by Keyword: Adhesion molecules

Nong J, Glassman PM, Myerson JW, Zuluaga-Ramirez V, Rodriguez-Garcia A, Mukalel A, Omo-Lamai S, Walsh LR, Zamora ME, Gong X, Wang Z, Bhamidipati K, Kiseleva RY, Villa CH, Greineder CF, Kasner SE, Weissman D, Mitchell MJ, Muro S, Persidsky Y, Brenner JS, Muzykantov VR, Marcos-Contreras OA, (2023). Targeted Nanocarriers Co-Opting Pulmonary Intravascular Leukocytes for Drug Delivery to the Injured Brain Acs Nano 17, 13121-13136

Ex vivo-loaded white blood cells (WBC) can transfer cargo to pathological foci in the central nervous system (CNS). Here we tested affinity ligand driven in vivo loading of WBC in order to bypass the need for ex vivo WBC manipulation. We used a mouse model of acute brain inflammation caused by local injection of tumor necrosis factor alpha (TNF-α). We intravenously injected nanoparticles targeted to intercellular adhesion molecule 1 (anti-ICAM/NP). We found that (A) at 2 h, >20% of anti-ICAM/NP were localized to the lungs; (B) of the anti-ICAM/NP in the lungs >90% were associated with leukocytes; (C) at 6 and 22 h, anti-ICAM/NP pulmonary uptake decreased; (D) anti-ICAM/NP uptake in brain increased up to 5-fold in this time interval, concomitantly with migration of WBCs into the injured brain. Intravital microscopy confirmed transport of anti-ICAM/NP beyond the blood-brain barrier and flow cytometry demonstrated complete association of NP with WBC in the brain (98%). Dexamethasone-loaded anti-ICAM/liposomes abrogated brain edema in this model and promoted anti-inflammatory M2 polarization of macrophages in the brain. In vivo targeted loading of WBC in the intravascular pool may provide advantages of coopting WBC predisposed to natural rapid mobilization from the lungs to the brain, connected directly via conduit vessels.

JTD Keywords: drug delivery, icam-1, inflammation, lung injury, messenger-rna, migration, model, nanoparticles, neutrophils, pharmacokinetics, t-cells, white bloodcells, Adhesion molecules, Brain, Drug delivery, Inflammation, Nanoparticles, Pharmacokinetics, White blood cells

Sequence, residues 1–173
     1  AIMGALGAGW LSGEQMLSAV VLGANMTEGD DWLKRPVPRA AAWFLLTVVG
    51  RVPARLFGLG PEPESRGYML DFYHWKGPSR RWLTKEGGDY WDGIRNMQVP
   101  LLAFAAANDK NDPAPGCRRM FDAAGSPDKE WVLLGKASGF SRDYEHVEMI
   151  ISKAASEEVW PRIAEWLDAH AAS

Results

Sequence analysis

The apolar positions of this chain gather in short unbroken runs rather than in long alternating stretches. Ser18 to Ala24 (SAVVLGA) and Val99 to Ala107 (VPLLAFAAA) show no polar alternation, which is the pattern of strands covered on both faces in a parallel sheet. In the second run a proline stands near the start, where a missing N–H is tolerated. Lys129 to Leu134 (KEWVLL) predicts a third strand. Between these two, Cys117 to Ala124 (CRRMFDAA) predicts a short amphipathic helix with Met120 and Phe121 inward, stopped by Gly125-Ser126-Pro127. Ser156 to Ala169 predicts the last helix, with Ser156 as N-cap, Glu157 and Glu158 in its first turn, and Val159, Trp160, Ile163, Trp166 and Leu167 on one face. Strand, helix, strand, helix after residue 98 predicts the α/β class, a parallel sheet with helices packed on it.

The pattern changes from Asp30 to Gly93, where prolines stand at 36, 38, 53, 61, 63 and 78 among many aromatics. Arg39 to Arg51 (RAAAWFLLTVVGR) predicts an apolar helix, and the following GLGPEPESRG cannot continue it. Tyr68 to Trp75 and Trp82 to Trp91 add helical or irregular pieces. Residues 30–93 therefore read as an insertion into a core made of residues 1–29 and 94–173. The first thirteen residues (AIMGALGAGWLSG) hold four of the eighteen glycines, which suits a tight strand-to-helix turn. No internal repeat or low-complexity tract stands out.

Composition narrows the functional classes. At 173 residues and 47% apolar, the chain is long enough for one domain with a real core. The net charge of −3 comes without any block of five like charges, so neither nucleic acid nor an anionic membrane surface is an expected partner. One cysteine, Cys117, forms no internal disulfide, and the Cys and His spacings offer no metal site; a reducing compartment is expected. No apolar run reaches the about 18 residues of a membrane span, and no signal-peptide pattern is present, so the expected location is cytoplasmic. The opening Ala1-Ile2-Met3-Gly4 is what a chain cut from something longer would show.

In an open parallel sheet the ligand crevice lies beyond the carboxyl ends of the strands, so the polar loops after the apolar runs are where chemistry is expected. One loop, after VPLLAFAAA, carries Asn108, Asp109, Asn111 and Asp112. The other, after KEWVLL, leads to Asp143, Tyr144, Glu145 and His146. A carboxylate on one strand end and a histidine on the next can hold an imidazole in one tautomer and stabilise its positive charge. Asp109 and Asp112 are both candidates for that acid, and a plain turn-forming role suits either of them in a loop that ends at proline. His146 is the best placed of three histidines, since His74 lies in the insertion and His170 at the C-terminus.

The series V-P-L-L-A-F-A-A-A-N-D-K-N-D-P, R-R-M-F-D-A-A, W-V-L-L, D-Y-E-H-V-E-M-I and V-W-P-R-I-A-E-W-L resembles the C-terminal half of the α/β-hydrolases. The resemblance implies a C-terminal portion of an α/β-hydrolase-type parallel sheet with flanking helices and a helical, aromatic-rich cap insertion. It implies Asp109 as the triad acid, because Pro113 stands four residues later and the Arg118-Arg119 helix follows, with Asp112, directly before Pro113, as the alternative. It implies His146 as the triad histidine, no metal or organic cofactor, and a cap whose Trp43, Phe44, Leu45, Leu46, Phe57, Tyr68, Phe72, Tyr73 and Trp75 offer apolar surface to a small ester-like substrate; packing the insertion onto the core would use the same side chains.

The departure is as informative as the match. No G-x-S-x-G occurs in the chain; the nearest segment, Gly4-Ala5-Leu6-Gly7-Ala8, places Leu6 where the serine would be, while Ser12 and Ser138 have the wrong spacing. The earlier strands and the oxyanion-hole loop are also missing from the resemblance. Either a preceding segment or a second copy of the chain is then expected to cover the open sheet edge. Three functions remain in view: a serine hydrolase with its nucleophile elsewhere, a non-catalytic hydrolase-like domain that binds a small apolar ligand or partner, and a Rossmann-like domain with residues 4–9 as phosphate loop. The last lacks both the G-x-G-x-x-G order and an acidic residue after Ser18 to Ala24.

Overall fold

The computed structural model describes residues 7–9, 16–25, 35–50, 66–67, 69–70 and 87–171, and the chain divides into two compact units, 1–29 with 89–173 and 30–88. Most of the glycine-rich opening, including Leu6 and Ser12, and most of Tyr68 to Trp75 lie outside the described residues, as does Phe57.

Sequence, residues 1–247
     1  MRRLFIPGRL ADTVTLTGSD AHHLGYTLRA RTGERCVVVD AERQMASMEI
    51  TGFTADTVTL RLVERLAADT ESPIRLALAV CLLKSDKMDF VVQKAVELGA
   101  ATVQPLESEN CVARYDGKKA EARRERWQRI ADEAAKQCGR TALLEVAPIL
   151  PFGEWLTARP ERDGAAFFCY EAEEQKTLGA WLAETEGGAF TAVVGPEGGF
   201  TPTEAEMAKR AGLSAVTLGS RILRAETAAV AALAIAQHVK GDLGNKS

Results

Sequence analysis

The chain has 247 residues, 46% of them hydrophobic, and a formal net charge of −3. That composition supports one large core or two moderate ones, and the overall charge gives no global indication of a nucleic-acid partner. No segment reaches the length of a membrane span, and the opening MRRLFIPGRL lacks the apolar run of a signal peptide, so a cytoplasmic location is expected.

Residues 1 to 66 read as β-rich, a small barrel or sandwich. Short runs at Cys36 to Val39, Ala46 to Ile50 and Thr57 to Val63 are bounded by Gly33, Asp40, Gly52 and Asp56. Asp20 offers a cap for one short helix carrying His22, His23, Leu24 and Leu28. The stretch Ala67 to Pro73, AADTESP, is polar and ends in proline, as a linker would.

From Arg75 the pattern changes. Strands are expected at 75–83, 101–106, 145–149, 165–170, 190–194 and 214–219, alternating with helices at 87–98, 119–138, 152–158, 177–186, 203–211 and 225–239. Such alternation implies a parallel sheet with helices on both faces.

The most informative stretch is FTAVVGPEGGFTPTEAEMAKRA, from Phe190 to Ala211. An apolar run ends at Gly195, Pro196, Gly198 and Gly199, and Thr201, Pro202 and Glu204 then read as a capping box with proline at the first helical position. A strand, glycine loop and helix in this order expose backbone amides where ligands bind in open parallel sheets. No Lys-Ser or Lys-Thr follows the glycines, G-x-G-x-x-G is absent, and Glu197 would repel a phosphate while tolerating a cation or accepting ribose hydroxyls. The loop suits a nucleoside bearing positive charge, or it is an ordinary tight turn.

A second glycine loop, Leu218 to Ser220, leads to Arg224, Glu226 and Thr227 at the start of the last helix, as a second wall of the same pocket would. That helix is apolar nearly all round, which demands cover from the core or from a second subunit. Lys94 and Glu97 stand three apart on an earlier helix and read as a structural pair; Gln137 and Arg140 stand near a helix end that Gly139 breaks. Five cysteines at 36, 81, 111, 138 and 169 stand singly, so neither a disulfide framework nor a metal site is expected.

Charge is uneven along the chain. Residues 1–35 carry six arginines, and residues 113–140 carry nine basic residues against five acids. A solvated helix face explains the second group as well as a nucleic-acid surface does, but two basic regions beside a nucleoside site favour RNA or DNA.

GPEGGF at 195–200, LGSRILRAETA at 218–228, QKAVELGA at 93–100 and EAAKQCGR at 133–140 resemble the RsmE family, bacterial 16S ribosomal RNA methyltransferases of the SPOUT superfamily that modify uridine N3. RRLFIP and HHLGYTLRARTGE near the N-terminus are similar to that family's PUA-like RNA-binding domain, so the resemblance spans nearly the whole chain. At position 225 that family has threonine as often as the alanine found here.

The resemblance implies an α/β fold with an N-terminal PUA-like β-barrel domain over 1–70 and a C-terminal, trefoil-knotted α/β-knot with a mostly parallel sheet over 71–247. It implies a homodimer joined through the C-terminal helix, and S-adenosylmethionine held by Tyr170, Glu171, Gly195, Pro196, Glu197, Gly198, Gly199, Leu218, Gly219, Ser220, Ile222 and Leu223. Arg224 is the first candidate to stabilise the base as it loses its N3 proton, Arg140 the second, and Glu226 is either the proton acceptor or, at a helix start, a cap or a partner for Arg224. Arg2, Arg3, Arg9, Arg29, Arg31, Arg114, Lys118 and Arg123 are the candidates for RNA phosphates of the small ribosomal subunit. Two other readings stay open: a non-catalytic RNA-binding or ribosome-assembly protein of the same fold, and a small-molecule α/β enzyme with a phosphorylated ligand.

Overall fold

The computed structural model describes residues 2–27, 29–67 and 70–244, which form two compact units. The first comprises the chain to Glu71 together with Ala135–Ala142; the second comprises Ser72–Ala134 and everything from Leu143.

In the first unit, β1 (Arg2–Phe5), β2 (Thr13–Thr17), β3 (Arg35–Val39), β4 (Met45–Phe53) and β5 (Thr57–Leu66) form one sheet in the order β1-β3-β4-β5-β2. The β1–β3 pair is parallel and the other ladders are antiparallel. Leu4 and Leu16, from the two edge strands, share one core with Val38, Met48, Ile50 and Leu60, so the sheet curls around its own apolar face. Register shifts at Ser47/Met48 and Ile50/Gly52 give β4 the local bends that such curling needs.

Bakker, G. J., Eich, C., Torreno-Pina, J. A., Diez-Ahedo, R., Perez-Samper, G., Van Zanten, T. S., Figdor, C. G., Cambi, A., Garcia-Parajo, M. F., (2012). Lateral mobility of individual integrin nanoclusters orchestrates the onset for leukocyte adhesion Proceedings of the National Academy of Sciences of the United States of America 109, (13), 4869-4874

Integrins are cell membrane adhesion receptors involved in morphogenesis, immunity, tissue healing, and metastasis. A central, yet unresolved question regarding the function of integrins is how these receptors regulate both their conformation and dynamic nanoscale organization on the membrane to generate adhesion-competent microclusters upon ligand binding. Here we exploit the high spatial (nanometer) accuracy and temporal resolution of single-dye tracking to dissect the relationship between conformational state, lateral mobility, and microclustering of the integrin receptor lymphocyte function-associated antigen 1 (LFA-1) expressed on immune cells. We recently showed that in quiescent monocytes, LFA-1 preorganizes in nanoclusters proximal to nanoscale raft components. We now show that these nanoclusters are primarily mobile on the cell surface with a small (ca. 5%) subset of conformational- active LFA-1 nanoclusters preanchored to the cytoskeleton. Lateral mobility resulted crucial for the formation of microclusters upon ligand binding and for stable adhesion under shear flow. Activation of high-affinity LFA-1 by extracellular Ca 2+ resulted in an eightfold increase on the percentage of immobile nanoclusters and cytoskeleton anchorage. Although having the ability to bind to their ligands, these active nanoclusters failed to support firm adhesion in static and low shear-flow conditions because mobility and clustering capacity were highly compromised. Altogether, our work demonstrates an intricate coupling between conformation and lateral diffusion of LFA-1 and further underscores the crucial role of mobility for the onset of LFA-1 mediated leukocyte adhesion.

JTD Keywords: Cumulative probability distribution, Integrin lymphocyte function-associated antigen 1, Intercellular adhesion molecule, Single molecule detection